- Ford said on Wednesday that it would not invest in new sedans in North America, but is going to keep the Mustang and a new crossover with the Focus nameplate.
- In general, automakers are ditching passenger cars in the US.
- SUVs may be surging, but there are still plenty of great sedans on the market.
- We’ve driven many four-doors over the past few years.
- Here are 12 of our favourites.
One of the big stories in the car business over the past two years has been the realignment of sales in the US. Pickup trucks have always done well, but as the market was setting records in 2016 and 2017, SUVs were moving up while sedans were moving down.
Ford just announced that it would no longer invest in passenger cars for the US markets, and General Motors has been existing car-heavy markets for years, most recently selling its Opel division in Europe.Fiat Chrysler Automobiles got on the trend earlier, transforming car plants into SUV plants.
So four-doors aren’t the be-all and end-all products they once were, for both mass-market and luxury brands. But for luxury brands in particular, mainstays such as the BMW 3-Series and the Mercedes S-Class have been watching as their SUV counterparts capture new buyers.
Does that mean that the sedan is truly dying? Not entirely. Ask anybody in the industry, and they will tell you that Toyota Camrys and Honda Accords and even Chevy Malibus are still important vehicles. Audi continues to take four-doors seriously. Yet it’s also clear that a customer can now start out with a small SUV and work his or her way all to a big one, and never look twice at a sedan.
Too bad, as there are some great ones for sale. We rounded up a dozen of the best:
Here’s what I had to say about the $US52,000 test car in our review:
The Stinger takes things to a whole new level. This is easily the best car Kia has ever made, but more than that, it’s among the best cars of its type that I’ve driven. The comparison that jumped immediately to mind was the Alfa Romeo Giulia Quadrifoglio, a 505-horsepower beast that was a finalist for Business Insider’s 2017 Car of the Year.
We were impressed enough the say in our review that the $US90,000 bimmer is “easily the finest 7 Series that BMW has ever built.”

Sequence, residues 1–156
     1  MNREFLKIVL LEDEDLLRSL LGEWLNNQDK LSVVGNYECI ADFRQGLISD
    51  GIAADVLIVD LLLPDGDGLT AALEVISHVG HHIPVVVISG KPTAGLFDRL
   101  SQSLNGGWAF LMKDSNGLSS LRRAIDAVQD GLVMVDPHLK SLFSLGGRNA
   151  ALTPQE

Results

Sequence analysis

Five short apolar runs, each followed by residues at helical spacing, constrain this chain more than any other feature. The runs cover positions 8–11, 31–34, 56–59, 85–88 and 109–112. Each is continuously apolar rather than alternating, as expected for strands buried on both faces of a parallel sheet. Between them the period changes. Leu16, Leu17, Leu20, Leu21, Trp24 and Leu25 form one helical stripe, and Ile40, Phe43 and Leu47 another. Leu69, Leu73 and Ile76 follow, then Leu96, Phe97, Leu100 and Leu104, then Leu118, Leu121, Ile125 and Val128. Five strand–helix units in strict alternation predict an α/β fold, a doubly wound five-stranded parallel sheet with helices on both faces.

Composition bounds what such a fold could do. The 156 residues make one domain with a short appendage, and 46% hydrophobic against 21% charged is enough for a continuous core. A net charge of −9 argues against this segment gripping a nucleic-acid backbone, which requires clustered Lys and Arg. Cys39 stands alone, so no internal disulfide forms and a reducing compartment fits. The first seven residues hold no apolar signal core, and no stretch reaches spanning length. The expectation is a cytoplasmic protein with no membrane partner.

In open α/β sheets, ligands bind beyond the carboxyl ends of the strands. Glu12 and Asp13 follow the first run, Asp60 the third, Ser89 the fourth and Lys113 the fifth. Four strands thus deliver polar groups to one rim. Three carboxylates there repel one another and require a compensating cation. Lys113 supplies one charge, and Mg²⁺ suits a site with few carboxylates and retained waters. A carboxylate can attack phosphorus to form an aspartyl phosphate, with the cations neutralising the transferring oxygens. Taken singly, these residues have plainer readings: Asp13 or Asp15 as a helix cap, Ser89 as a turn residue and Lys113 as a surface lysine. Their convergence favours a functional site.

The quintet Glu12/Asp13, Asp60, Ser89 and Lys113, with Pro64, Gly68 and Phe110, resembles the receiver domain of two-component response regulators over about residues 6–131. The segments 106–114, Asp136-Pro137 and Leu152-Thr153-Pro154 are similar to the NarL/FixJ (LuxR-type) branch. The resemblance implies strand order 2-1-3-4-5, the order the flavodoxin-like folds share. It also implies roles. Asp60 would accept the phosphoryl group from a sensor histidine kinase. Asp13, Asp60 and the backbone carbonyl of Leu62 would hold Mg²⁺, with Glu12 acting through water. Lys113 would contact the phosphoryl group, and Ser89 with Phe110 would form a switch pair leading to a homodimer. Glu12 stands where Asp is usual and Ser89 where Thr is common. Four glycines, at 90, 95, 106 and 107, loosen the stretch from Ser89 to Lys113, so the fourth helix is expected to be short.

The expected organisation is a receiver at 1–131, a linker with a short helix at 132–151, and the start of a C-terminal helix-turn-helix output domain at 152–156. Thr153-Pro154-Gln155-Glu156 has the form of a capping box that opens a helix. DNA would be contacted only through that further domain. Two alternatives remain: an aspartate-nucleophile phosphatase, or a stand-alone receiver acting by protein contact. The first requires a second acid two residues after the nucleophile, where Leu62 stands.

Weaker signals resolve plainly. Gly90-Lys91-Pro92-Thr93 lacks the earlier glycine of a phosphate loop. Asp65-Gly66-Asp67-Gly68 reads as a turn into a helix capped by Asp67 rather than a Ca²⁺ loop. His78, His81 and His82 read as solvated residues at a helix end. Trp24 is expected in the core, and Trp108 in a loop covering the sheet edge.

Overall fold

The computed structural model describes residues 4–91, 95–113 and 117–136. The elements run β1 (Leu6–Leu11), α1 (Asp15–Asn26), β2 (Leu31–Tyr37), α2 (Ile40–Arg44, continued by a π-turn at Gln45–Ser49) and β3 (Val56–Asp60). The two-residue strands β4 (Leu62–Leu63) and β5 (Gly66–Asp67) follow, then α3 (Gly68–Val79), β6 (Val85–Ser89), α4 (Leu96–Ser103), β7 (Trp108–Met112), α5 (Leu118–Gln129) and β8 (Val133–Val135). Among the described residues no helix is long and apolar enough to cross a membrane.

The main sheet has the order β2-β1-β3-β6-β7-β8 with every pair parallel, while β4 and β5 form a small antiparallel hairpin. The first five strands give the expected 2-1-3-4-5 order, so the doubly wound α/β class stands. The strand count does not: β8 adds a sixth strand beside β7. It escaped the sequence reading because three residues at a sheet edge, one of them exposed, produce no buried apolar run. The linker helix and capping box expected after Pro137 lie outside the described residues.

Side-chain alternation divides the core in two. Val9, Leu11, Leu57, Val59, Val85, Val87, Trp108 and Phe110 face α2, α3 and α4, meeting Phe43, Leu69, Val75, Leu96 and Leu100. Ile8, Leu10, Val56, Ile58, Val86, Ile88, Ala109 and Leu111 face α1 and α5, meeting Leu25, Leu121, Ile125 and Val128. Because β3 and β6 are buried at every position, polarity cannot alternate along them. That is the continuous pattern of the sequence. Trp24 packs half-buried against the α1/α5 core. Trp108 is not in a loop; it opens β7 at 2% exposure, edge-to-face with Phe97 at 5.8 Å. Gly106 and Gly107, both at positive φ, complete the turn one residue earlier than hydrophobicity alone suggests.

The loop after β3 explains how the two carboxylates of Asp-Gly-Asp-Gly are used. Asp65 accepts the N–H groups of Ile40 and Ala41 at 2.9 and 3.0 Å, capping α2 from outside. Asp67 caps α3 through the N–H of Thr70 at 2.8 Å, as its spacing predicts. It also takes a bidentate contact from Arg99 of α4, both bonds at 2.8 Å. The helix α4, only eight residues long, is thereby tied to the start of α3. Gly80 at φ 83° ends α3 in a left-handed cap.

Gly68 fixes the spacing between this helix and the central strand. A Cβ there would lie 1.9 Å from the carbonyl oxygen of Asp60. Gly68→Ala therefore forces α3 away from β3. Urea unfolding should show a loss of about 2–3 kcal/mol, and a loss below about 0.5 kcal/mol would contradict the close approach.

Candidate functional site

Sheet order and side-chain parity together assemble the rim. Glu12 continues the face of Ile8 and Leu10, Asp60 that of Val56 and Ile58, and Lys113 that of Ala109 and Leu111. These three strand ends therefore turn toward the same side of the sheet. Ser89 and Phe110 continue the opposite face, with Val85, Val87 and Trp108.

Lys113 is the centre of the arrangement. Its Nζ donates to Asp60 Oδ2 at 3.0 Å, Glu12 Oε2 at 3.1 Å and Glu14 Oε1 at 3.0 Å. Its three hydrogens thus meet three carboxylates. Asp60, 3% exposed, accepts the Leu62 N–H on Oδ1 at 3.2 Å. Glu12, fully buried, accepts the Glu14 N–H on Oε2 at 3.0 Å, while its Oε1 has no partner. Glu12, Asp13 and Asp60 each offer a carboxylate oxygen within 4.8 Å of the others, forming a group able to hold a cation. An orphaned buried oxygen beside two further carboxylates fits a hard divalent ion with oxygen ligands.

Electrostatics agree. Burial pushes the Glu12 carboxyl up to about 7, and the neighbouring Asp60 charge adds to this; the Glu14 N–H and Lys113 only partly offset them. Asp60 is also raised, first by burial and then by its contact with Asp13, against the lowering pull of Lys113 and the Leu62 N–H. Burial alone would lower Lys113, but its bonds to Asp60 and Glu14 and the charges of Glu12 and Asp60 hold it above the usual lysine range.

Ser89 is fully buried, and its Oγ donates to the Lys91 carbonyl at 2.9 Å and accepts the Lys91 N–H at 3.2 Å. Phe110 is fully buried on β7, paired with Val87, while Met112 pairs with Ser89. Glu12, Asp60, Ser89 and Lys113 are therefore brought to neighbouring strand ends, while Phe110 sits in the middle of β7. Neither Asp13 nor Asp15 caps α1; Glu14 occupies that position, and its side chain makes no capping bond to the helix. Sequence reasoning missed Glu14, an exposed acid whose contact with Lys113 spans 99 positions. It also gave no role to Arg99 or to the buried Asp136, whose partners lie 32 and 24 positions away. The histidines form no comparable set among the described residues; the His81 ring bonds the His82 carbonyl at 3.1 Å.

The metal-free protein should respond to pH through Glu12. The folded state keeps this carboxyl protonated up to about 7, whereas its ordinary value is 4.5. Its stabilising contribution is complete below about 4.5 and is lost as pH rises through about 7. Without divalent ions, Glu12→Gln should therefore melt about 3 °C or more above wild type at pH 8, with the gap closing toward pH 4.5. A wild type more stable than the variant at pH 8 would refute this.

Plus, we named it a finalist for our 2015 Car of the Year. The new 7-Series is basically incredible. Crammed with technology and capable of BMW-level performance and pure cruising comfort, it has reset expectations for what is probably BMWs history least-loved car.
In our review of a $US52,000 tester, Business Insider’s Ben Zhang wrote that the “Audi A4 is everything you could want in a modern compact luxury sedan,” adding that “it’s the best car Audi has ever made.”
The A4 was a finalist for BI’s 2017 Car of the Year. It was also one of those cars that we unanimously adored. We literally couldn’t find anything wrong with it. Nothing.
Our tester was the T6 AWD Inscription, a top trim level, priced at over $US66,000 with plenty of options.
In our review, we said that the “S90 is a meaningful departure from the good-old Volvo’s of yesteryear and a solid update of the brand’s cars from the 2000s and 2010s. But it also has an abundance of Nordic reserve.”
Volvo has been making a play to join the upper levels of the luxury market, after occupying a sort of sub-niche for decades. The S90 make a strong case for that strategy.
When I recently tested a LaCrosse Avenir – the upmarket trim level – that came in a just under $US50,000, I was delighted:
The LaCrosse is really a joy to drive on a freeway-heavy journey. Smooth, quiet, powerful, with supportive seats and a distinct lack of interest in emulating a BMW or Audi, this big Buick cruises like no other. Around town, the power-steering has that old-time feel, so you can whip the wheel around with one hand and glide in and out of driveways and parking lots.
Our test car was about $US72,000. And worth it.
“The new 5-Series is, simply put, excellent,” I said in my review. “It’s a lovely freeway cruiser, but it can go all BMW and stiffen up, rewarding a driver who wants to tuck into some corners. The steering could be crisper, but that’s nitpicking.”